How AI Could Help Pay Your Taxes and Access Your Pension

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New plans could see an artificial intelligence ‘chatbot’ assist UK residents in paying their taxes and accessing their pensions. The proposal, currently being considered by the UK government, would enable an interactive chatbot to assist members of the public with various financial and legal queries.

News of this emerged mere days after Rishi Sunak articulated his vision for AI in a pivotal speech, aiming to establish the UK as a global frontrunner in the domain. Speaking on Thursday, October 25th, Mr Sunak underscored the risks associated with AI while emphasizing its potential as a “co-pilot” in the workplace. The Prime Minister adopted a circumspect stance towards this emerging technology, accentuating its potential for misuse but also spotlighting its innovative possibilities.

The government chatbot service is presently in alpha testing with select businesses and is slated for integration across the website. It is believed that Microsoft’s OpenAI software powers this initiative, initially assisting users in navigating the government website in a ‘human-like’ fashion. Reports suggest that the government is leveraging AI to combat benefit fraud and streamline administrative tasks.

Job Impacts

However, this revelation has reignited apprehensions about potential job reductions stemming from AI advancements, with concerns that AI could diminish the opportunity to interact with human call centre agents as these roles face cutbacks. The UK government has recurrently contemplated reducing the civil service by 20% – a reduction that the head of HMRC suggested might impact call centre employees. Addressing the Public Accounts Committee, he remarked:

“The primary method of achieving efficiencies, beyond ongoing refinement, is to perpetually digitalise the tax system, ensuring customers transition from traditional contact methods like phone or post to predominantly self-serving online or receiving support from digital aides or robotics.”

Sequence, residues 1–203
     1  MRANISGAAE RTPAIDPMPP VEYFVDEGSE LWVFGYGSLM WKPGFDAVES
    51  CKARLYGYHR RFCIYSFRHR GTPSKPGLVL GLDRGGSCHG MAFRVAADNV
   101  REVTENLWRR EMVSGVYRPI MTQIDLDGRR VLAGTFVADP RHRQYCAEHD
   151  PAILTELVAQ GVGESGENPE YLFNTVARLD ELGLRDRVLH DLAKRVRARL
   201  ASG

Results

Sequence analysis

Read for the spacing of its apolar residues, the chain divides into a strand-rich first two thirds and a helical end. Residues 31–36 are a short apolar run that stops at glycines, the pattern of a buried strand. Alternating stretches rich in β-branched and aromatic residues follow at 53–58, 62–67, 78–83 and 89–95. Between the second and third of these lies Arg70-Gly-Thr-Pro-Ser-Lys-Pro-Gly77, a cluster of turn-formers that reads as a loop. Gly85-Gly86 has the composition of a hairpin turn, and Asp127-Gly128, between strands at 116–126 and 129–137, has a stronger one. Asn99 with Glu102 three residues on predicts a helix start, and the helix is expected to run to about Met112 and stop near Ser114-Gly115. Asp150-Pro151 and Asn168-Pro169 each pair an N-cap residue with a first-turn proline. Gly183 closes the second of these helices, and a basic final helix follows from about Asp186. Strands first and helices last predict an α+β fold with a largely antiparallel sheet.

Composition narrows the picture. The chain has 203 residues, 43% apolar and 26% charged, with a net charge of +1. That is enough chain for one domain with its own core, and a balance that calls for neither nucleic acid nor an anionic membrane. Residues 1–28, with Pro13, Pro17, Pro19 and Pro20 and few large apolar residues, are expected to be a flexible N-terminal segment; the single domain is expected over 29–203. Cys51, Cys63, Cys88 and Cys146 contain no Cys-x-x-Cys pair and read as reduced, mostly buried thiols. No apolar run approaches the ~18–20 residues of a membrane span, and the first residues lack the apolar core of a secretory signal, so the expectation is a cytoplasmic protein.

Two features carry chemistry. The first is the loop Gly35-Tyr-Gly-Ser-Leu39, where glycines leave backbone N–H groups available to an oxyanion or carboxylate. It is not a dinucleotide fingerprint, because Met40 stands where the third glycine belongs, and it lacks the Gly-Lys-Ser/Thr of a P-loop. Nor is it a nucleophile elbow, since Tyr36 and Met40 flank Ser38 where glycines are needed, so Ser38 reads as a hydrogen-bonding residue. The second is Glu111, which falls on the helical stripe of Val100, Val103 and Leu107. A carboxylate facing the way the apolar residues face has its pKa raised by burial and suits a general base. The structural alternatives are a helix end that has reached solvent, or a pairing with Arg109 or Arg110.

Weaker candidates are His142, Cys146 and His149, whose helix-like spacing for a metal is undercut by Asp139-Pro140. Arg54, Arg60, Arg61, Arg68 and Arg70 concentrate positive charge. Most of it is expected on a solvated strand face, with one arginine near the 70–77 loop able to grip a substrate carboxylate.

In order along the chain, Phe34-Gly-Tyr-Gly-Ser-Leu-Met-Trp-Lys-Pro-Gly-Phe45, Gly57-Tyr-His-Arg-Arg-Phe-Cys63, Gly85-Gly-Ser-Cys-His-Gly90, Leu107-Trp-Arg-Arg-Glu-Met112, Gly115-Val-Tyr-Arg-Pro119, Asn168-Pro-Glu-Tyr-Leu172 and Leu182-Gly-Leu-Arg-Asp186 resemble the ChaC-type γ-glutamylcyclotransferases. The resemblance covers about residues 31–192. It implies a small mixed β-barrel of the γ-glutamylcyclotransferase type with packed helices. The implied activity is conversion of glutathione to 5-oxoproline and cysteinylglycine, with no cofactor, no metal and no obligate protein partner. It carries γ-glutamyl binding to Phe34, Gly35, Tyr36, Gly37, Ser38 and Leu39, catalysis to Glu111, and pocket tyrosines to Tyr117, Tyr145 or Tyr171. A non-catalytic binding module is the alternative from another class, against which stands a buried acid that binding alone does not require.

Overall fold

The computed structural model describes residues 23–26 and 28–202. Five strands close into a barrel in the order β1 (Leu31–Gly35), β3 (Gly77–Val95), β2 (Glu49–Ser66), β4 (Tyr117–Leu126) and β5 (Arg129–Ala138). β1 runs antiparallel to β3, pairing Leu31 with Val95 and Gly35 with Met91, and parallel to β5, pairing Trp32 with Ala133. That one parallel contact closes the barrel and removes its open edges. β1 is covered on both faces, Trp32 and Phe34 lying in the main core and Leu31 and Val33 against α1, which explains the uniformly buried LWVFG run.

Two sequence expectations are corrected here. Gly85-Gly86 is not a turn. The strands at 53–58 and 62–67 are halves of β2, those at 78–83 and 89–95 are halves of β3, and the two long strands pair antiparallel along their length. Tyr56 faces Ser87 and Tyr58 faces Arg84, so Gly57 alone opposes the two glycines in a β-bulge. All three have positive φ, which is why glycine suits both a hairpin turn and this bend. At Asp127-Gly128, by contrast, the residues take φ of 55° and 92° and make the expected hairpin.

The influence of AI on employment is palpable, with numerous British workers already affected. Earlier this year, in May, British Telecom divulged plans for approximately 10,000 layoffs in customer service roles as part of a strategy to substitute some human roles with AI solutions. The telecom behemoth stated that AI’s proficiency would reduce the workforce needed to cater to their clientele. This revelation echoed previous announcements by Vodafone and Octopus Energy, to name a few.

The Future of Financial Planning

Yet, the picture isn’t entirely bleak – AI promises a plethora of benefits for consumers, spurring innovation in business. Consequently, AI-enhanced tools might soon become standard in the financial planning sector, simplifying the navigation of intricate terrains. The CEO of comparison website extolled AI’s potential advantages in the sector, asserting that the technology harbours “the capacity to bolster and refine numerous facets of financial planning given adequate access”. This perspective was further championed by a senior partner at Mercer, who informed Reuters about AI’s capability to favour investors, stating:

“The sustained incorporation of AI within the operational and decision-making facets of investment managers might pave the way for more streamlined and well-informed decision-making processes, potentially translating to heightened tangible investment returns for pension plan members.”

In the dynamic realm of financial planning, AI embodies both opportunity and jeopardy. The UK government’s potential deployment of AI-powered chatbots promises groundbreaking support but also evokes concerns over job displacement. While AI’s efficacy has resulted in employment reductions, it concurrently offers the prospect of demystifying financial planning and amplifying investment choices, ultimately profiting consumers and investors. Striking the right equilibrium in harnessing AI’s potential will persist as a conundrum for policymakers and enterprises.

Navigating the realm of cross-border, multi-jurisdictional taxation and pensions can be rather intricate. With the assistance of a qualified pension adviser or tax consultant, you can effortlessly surmount tax and pension challenges and also alleviate global taxation.


Mario Laghos​

Mario Laghos is a journalist. His work has appeared in the Critic magazine, the Daily Express, and the Daily Mail

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